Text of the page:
When the roots are deep, there’s no reason to fear the wind
‘When the roots are deep, there’s no reason to fear the wind’ is an African proverb, and one which we have used to steer our approach to community building in Gloucestershire.
Over the years I’ve found the metaphor of a tree a useful one, not least as our story in Gloucestershire has branched in different directions. This blog attempts to share the story of those branches as they have spread and been nurtured, whilst always paying attention to developing deep roots through building shared values and principles.
The journey into Community Building started in 2012, with the Barnwood Trust, a charitable foundation dedicated to ensuring Gloucestershire is a place where everyone with a disability or mental health challenge is valued for who they are and what they can give, can do the things they love, and feel fully welcome in their communities.
Barnwood worked with Nurture Development during those initial years to introduce the concept of Asset Based Community Development (ABCD) and initiated some hands-on practice. It wasn’t an easy path, there were many knocks and bumps as we made mistakes and learned together, but there were also seminal moments that shaped our future.
One of those seminal moments was the hosting of a 2-day conference in Matson, Gloucester. The event was held at the invitation of Jennie Watkins, an elected member of Gloucester City Council and now Deputy Leader. Jennie used her convening power to bring together over 100 people from community groups, housing associations, the police, council and residents. During those 2 days the group was introduced to core principles of ABCD. One of the 100 in the room was Gareth Hooper, an Environmental Health Officer. Gareth is now a great advocate of ABCD, but he found the initial 2 hours, 56 mins on that first day particularly tough. He said, “If people have such ability to help themselves, why on earth are they bombarding me with e-mails and phone calls all day?!” However, over the duration of the two days, something changed in Gareth which led the Council down a new path that would fundamentally affect how they worked with residents across the city. You can read more about Gareth’s experience here: https://www.nurturedevelopment.org/blog/where-were-you-when-they-compressed-the-atom/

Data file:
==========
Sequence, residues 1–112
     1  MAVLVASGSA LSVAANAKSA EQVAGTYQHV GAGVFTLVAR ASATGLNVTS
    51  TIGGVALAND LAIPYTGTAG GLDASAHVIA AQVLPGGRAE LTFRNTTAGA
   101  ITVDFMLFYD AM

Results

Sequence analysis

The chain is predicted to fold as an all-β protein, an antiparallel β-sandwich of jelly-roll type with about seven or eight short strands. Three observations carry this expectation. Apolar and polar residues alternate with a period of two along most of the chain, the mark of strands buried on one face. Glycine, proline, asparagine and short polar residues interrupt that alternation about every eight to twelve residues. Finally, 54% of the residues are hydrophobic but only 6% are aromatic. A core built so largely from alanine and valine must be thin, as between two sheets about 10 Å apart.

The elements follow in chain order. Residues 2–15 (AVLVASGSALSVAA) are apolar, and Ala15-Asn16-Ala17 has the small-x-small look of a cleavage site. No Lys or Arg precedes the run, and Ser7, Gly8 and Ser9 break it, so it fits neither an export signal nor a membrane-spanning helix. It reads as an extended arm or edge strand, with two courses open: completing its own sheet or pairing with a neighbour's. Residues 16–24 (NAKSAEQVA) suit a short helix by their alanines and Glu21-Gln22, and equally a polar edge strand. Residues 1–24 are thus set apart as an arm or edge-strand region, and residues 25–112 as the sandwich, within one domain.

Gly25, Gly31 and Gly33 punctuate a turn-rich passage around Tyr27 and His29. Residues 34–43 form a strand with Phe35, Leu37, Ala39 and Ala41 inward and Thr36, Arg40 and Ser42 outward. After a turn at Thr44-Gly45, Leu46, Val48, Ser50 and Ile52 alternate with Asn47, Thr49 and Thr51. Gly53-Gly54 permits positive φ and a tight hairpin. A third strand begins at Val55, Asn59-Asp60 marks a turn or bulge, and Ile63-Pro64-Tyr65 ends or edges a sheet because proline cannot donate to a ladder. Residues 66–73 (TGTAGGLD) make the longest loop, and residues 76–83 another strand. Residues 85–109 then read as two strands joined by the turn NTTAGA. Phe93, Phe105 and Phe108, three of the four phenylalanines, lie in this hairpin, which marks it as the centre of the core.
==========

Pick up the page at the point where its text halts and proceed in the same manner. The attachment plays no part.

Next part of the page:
“Thanks to Gareth’s thoughtfulness and tenacity, the Council decided to learn more about Asset Based Community Development, and sometime later embarking on a new approach to stimulating community-led action in Gloucester” (New Shoots – Ruth Saunders, Head of Communities, Gloucester City Council)
Since that initial 2-day conference in Matson, Gloucester City Council have continued to embed asset-based principles across the organisation. This has been made possible by strong leadership at all levels of the organisation and particularly at political level as this has enabled ABCD to be included in the last two Council Plans from 2013!
Since 2013, the Council has dabbled in projects where there is an opportunity to do something different. These projects have included Community Building in specific wards, changing the way they give grants and adapting processes to make sure the Council can enable residents as much as possible. Our intention has been to try and change the way we work with residents, build relationships, encourage inclusion and learn where we should step in or step back. This isn’t an easy line to tread but, through reflection and flexibility, we have been able to permanently refine some of our processes for the better.